"The Military Leadership of George Washington," Dr. Edward Lengel
Dr. Lengel is currently at UVA where he is Associate Professor of History. He received his BA from George Mason and his MA and PHD from UVA.
He has been very much involved in the “Washington Papers Project” which has been in existence for the last forty years. The goal of this project is to gather together copies of every known Washington document in the entire world, transcribe it and publish it both in print and digital format.
So far the project has uncovered 135,000 documents, but there are huge gaps. Since 1969 sixty volumes have been published with about 500 to 700 pages each, but there are still about thirty volumes to go with about fifteen years left!
The one advantage of the digital versions is that they are fully searchable with one version being accessed by subscription and the other being accessed (if you can find it) at the Mount Vernon website.
As Dr. Lengel pointed out, this has been a tremendous challenge because George Washington left behind so many documents. He was very concerned about his place not only in history, but the importance of his place in history for the United States. He referred to his documents and so forth as a species of sacred property. It is interesting to note that on his deathbed one of his main concerns was that someone take care of preserving his papers. The trouble is that when he died, his legacy was ripped to pieces. For example, one of his descendants, Bushrod Washington, allowed a Harvard professor to take away for his use a lot of the documents. He sent back some of the documents, but many more he kept back and so when George Corbin Washington sold what was left to the Library of Congress, a whole box of documents just flatly disappeared.
When Flexner wrote his biography of Washington in the 1960’s, he didn’t think much of the Washington papers project, because he didn’t think there was much left to discover. However, much has since been accomplished.
For instance, they’re now up to approximately 1778 when Washington was encouraging the espionage network. Despite Washington’s reputation in some quarters, he loved to fight, but he also was quite a “micro-manager”, especially in terms of what he did for the espionage network. Up to that time the espionage activities were not really centralized. Just about every general had their own spies and so forth, including a “bizarre” collection of people. Washington tried to put all of this together what with his interest in invisible ink, double agents and the like.
We now get into Dr. Lengel’s main topic, having to do with Washington’s character as a leader and a manager. We generally look at the big battles as critical turning points. For example, Trenton, Princeton or perhaps Monnmouth or Yorktown or Greene’s Campaign in the South.
Dr. Lengel maintained that although these were important battles of course, they didn’t really represent the what, how and why they and George won the war and what Washington’s qualities were.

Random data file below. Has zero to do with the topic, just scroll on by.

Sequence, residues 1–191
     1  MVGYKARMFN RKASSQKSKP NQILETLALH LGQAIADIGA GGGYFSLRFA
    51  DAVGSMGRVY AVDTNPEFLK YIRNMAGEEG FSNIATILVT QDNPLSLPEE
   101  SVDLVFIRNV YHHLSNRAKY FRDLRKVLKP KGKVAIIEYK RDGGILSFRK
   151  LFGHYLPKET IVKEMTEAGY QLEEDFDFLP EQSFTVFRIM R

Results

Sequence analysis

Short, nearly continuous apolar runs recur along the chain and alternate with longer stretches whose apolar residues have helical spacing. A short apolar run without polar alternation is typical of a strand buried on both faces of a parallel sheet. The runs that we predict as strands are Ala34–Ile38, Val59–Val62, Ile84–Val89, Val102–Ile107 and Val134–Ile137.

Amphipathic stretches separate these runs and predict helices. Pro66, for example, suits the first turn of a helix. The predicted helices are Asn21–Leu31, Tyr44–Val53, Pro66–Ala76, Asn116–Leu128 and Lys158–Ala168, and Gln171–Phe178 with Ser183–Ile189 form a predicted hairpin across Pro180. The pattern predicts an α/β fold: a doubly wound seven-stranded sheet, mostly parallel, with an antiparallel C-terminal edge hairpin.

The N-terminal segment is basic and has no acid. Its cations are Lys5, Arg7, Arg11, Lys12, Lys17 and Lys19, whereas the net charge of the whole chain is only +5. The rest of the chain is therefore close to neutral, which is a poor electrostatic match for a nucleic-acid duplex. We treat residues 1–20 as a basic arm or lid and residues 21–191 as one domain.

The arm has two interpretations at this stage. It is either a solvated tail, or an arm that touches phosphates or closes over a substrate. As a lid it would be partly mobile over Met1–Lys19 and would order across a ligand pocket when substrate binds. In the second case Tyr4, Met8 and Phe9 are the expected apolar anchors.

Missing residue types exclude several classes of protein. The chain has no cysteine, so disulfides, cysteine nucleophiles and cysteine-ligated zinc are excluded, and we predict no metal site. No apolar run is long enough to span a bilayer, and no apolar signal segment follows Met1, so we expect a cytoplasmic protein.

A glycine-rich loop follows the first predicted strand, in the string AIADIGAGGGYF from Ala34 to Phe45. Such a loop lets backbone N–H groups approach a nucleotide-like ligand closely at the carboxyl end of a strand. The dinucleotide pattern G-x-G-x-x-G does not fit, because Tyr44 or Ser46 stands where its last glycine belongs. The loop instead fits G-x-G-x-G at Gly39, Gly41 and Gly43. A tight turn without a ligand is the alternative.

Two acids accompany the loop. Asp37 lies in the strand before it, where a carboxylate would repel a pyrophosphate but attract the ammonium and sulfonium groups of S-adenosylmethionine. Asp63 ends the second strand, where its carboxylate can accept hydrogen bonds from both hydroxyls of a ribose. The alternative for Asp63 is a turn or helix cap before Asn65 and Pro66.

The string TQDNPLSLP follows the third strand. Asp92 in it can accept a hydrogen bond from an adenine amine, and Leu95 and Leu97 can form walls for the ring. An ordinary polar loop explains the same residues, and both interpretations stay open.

Who was Washington? People have said for many years that we need to humanize him. Since people want to humanize him, and since George was in some ways “dull and boring”, the temptation was to make things up, and to create stories out of “whole cloth”.
Dr. Lengel thinks that one of the ways to realize exactly who George Washington was, was to research George Washington’s involvement at Valley Forge. In the Fall of 1777, the US had gone through some disastrous and bleak periods. The British under Howell had sailed into the northern tip of the bay and landed at the head of Elkton Maryland. General Howell believed there were a great many loyalists in that area and that if he took Philadelphia, these loyalists would join in the cause.
Howell marched north and of course defeated Washington at the Battle of Brandywine in September of 1777. That battle was actually one of Washington’s worst efforts. For example, Howell faked him out with a feint in one direction and then an attack in the other and so in September of 1777, Howell was able to take Philadelphia.
In the Battle of Germantown, Washington had designed this effort for October of 1777. However, it was too complex and really just did not work out. Then Washington attempted to starve out Howell, but that of course also did not work.
In the meantime, Gates won his great battle at Saratoga, so Washington moved into Valley Forge.
It’s interesting to note that this was an unpopular move on Washington’s part and many people at the time thought him very stupid because they thought he was going in the wrong direction. Instead, Washington insisted that they go to Valley Forge and build huts which they had to build from scratch instead of other locations where they would have had better protection from the weather. There was also a lot of trouble because there was a supply crisis - the supply of flour was almost gone and frankly the only thing left was rotting meat and basically just misery. There was a lot of hissing and hooting and hollering and a lot of the officers were just quitting and going home. Some people felt that Washington exaggerated how bad it was in Valley Forge, but Dr. Lengel believes that Washington did not exaggerate and in fact it was really bad! The food was gone, the clothing was in tatters, people were barefoot, there were epidemics of typhus and cholera and if anyone were sent to the hospital, such amounted to a death sentence.